13 Things To Know About Tracking on Mobile

The continued rise in time spent on mobile devices of all types has started to leave bigger and bigger gaps in the information coming back from digital campaigns. Understand tracking and how it works in mobile can be overwhelming, given how it’s constantly evolving and with companies like Apple regularly changing what they allow. The following list is aimed to help marketers quickly understand why it is difficult to accurately track customers when they are in a non-desktop environment.

1. A cookie is a text file placed on your computer from a website you visit. As it is a text file, it cannot carry viruses and cannot install malware.

2. This text file tells a browser if you have logged in or out and can help you make a purchase quickly on an e-commerce website without creating an account until the end. Cookies can also be used by advertisers to get an idea of what sites you have visited as well as what kind of content you clicked on to allow more relevant ads to be presented to you.

3. First-party cookies are cookies from websites you visit, for example ClickZ.com.

4. Third-party cookies are cookies from websites different to the ones you visit. For example, domains that provide advertising like youradvertisingpartner.com.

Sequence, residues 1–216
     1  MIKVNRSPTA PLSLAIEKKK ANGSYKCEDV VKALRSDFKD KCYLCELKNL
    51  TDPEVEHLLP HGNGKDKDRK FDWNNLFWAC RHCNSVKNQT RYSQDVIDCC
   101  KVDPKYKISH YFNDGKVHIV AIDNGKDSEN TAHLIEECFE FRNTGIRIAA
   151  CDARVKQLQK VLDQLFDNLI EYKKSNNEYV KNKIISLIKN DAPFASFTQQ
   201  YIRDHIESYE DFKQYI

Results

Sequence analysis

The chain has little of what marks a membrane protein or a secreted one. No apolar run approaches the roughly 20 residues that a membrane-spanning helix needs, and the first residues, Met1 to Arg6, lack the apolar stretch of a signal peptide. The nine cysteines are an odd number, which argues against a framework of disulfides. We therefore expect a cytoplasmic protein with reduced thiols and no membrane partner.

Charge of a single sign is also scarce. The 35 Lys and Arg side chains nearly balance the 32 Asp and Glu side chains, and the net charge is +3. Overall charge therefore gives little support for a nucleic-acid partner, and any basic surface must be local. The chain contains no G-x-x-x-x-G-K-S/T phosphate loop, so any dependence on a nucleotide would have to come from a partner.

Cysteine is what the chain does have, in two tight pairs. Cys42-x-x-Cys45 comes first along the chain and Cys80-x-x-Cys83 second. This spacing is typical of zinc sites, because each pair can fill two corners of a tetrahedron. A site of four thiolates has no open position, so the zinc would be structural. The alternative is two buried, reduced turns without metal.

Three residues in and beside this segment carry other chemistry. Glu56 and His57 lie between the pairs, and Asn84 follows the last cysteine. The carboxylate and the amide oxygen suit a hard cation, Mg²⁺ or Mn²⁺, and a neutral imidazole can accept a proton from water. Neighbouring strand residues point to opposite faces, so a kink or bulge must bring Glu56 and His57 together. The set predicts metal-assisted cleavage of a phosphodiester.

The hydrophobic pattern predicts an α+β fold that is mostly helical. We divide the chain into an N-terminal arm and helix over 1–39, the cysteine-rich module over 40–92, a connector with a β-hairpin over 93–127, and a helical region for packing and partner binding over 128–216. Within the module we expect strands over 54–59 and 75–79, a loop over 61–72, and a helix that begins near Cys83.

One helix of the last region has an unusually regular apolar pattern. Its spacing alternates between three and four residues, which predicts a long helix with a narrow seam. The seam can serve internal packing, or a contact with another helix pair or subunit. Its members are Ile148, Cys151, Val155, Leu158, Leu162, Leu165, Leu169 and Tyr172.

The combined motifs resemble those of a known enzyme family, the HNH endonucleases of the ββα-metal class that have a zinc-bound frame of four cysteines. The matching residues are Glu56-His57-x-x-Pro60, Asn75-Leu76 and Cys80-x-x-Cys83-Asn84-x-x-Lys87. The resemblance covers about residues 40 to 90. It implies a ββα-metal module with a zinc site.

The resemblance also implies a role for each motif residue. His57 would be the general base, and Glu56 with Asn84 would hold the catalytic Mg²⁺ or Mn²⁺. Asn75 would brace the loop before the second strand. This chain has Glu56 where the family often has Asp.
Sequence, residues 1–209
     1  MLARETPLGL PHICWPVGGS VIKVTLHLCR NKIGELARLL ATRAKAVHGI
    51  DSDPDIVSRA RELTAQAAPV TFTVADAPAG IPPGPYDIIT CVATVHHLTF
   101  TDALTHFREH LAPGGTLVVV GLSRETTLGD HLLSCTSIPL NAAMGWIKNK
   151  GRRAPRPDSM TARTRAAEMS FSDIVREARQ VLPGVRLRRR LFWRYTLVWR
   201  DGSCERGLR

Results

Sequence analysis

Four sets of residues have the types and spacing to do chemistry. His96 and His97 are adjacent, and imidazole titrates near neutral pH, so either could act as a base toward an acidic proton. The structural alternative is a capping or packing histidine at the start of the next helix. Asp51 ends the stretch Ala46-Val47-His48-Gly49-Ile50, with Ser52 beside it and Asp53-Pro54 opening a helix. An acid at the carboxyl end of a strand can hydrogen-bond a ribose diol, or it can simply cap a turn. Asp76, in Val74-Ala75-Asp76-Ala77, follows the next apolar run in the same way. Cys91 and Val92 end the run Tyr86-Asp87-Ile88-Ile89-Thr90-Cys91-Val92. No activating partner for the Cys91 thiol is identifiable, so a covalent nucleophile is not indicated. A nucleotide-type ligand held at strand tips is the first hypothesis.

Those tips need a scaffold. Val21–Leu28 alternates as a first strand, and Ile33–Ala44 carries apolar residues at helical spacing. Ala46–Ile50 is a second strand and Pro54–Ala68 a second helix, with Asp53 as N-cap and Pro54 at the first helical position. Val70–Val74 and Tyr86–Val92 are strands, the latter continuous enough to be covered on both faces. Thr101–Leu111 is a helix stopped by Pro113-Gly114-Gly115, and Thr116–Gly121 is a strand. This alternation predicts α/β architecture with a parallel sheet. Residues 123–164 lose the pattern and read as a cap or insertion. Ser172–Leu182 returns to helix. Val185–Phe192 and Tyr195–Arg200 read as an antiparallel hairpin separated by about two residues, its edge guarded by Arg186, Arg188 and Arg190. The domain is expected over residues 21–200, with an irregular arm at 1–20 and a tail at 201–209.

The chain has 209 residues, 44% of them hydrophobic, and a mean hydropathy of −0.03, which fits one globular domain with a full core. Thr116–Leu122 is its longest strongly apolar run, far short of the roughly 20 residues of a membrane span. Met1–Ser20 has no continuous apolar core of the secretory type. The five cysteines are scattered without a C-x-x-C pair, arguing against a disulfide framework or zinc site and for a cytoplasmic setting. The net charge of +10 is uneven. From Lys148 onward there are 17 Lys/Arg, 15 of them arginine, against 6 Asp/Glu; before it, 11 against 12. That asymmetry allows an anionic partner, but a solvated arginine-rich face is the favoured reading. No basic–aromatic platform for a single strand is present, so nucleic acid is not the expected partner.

5. The default settings in the mobile Safari browser allow first-party cookies and do not allow third-party cookies. Whereas mobile browsers like Chrome and Opera allow first- and third-party cookies. These can be changed by users. More info here: http://www.iab.net/media/file/CookiesOnMobile101Final.pdf

6. Turning off, restarting a mobile device, or closing a browser from running in the background clears all cookies.

7. Mobile apps cannot share cookie data with each other (or with mobile browsers) as each app operates in its own private space or “sandbox” environment.

8. Cookies are unable to track users when they move between mobile apps and Web browsers, making conversion tracking difficult.

9. Alternatives to cookies are device IDs, such as Apple’s IDFA and Google’s Android ID, but these are intended to work only in mobile apps and cannot track the same user across apps and mobile Web browsers.

10. Device recognition is an upcoming alternative that creates device IDs based on a list of attributes of a device like device type, operating system, fonts, date and time settings, language settings, and more. Regular device updates are the Achilles’ heel of this alternative but it has a very high accuracy rate if you are tracking over a very short window.

11. Other alternatives include using a universal login like Facebook, Twitter, or Google but it does require users to log in, which may not be an option for tracking users that have not decided to buy.

12. Microsoft and Google are developing systems to bypass cookie tracking by using a unique identifier that monitors users across their apps and devices. More info here

13. Facebook has rolled out features that allow site owners to retarget site or app visitors even if they are not fans on their desktops or mobile devices. More info here.

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